Page 3787 - Week 12 - Tuesday, 18 October 2005

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just argued for in moving to a collective agreement? Are they going to trade away and accept the minimum? If you listen to the Liberal opposition, the minimum is good enough for everyone else. And if it is good enough for everyone else, then it is good enough for us as well.

I stand here and honestly say it is not good enough for me; it is not good enough for my family; it is not good enough for my children. I do not mind defending that position. But to have those opposite accept this and sing the praises of what is quite clearly factually incorrect is just sickening.

MR STEFANIAK (Ginninderra) (5.01): Like Mr Mulcahy, who is about the same age as I am—I am not quite sure whether he is six months older or I am six months older—I certainly recall the days when you could walk into the employment agency and there would be a choice of jobs. They would say, “Where do you live?” In my case, I remember I once said, “Narrabundah.” They said, “Here are a couple at Fyshwick.” That was great. I just had to hop on my motorbike and I was there in 5 minutes. Those were the days when we had full employment. Two or three per cent or so was the unemployment rate. That was the tail end, I suppose, of the Menzies legacy.

I can also recall the rather chaotic days of the Whitlam government when everything went completely out of kilter; we had massive inflation; and it became that little bit harder to get a job. I can certainly recall the days in the 1980s when we had such things as youth unemployment rates of between 30 and 50 per cent. I recall those figures when I was a candidate for the Senate in 1987 and again for the seat of Fraser in about 1993. There were very significant youth unemployment rates. In more recent times, in the last 10 years, there has been a complete turnaround and we are seeing unemployment rates getting back down to what they were probably in the late 1960s and early 1970s—about five per cent. That is absolutely fantastic for the work force because it means that there is greater choice out there for people.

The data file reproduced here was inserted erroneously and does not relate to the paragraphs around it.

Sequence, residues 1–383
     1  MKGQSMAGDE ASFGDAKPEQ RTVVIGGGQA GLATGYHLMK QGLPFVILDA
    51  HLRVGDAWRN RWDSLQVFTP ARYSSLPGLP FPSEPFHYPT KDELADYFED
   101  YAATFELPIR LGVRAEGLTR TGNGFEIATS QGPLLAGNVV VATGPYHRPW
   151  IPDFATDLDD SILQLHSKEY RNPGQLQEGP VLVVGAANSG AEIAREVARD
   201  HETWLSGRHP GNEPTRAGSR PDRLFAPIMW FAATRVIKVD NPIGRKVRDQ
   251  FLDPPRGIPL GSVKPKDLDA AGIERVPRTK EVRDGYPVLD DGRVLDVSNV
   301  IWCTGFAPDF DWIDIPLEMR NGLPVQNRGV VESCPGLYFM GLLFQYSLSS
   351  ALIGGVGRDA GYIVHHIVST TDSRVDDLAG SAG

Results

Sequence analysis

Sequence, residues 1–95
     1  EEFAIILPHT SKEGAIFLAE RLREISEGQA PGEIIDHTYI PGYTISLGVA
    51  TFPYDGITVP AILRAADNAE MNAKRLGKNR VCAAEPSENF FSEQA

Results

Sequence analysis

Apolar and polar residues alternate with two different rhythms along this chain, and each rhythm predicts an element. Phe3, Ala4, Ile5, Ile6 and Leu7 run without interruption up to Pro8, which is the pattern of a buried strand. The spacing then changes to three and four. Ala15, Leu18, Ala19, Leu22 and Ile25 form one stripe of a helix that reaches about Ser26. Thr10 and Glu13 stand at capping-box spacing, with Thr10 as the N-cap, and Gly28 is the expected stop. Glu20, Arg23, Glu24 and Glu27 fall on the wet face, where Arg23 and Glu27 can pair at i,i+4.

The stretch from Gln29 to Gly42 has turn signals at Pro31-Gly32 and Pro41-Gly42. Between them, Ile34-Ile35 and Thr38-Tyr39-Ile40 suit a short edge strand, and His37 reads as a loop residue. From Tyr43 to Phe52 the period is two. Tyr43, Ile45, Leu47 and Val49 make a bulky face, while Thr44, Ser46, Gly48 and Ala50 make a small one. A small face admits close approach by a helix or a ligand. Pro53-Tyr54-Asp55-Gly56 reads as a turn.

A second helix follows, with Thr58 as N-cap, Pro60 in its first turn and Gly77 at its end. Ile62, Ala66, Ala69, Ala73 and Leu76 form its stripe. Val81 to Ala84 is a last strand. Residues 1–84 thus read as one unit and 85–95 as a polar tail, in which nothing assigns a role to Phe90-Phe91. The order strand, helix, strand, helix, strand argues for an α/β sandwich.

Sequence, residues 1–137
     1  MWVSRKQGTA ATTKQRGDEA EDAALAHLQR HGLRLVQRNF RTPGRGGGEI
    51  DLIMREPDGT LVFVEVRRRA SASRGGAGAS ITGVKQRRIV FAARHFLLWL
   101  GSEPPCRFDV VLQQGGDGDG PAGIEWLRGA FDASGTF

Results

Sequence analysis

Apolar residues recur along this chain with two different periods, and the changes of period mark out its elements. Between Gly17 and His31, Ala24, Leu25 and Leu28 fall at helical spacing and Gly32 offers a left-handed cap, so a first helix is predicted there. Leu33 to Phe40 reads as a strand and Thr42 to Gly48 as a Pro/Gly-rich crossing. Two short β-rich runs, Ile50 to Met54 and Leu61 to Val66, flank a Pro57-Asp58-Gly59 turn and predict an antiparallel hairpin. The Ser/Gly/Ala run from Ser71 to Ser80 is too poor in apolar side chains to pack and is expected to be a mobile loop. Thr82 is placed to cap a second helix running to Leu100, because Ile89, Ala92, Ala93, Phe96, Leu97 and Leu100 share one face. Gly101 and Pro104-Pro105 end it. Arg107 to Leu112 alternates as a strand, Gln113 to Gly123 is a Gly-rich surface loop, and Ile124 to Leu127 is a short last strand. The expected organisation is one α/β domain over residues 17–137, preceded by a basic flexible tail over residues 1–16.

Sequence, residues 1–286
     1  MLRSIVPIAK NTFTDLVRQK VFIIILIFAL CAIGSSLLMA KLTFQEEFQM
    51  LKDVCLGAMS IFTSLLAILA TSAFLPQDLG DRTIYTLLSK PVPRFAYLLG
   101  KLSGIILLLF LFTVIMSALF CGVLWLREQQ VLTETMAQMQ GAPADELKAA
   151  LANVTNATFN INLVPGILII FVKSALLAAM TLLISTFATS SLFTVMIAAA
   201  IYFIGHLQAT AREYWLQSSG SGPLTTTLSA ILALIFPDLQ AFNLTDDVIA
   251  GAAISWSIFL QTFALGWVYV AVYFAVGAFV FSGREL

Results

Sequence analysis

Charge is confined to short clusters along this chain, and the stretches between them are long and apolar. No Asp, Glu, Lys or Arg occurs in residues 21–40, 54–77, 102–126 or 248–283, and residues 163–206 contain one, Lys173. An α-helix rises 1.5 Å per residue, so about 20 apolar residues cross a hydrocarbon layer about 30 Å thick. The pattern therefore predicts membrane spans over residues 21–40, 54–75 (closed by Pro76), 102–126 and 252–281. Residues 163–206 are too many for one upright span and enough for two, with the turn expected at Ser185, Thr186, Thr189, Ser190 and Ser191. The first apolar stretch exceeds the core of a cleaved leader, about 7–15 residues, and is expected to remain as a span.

I can also remember some of the very restrictive closed-shop arrangements—the restrictive practices, the fact that if you were not in a union you did not get the job. I was not in the BLF, and I had to be sacked from a labouring site once, I remember, by Peter O’Dea. As it turned out, I did not particularly worry. It was a part-time job I had in the holidays and I was going back to uni. But if I had a young family and did not want to join a union I would have been in all sorts of problems then. We have got a much fairer system now and a better system to ensure Australians, especially young Australians, have a much greater chance of getting jobs.

There are a few points raised by members opposite in relation to this matter that need to be put to rest. Firstly, terms and conditions are not going to be abolished. The federal government is not eliminating or outlawing any terms and conditions that currently exist within the federal system. Even matters that will no longer be in awards will continue to exist in agreements, including penalty rates and long service leave. Employers and employees who wish to keep their current terms and conditions will in fact be able to do so. Workers currently on awards can transfer those terms and conditions into agreements that will now be able to run for up to five years, rather than the current maximum of only three years.

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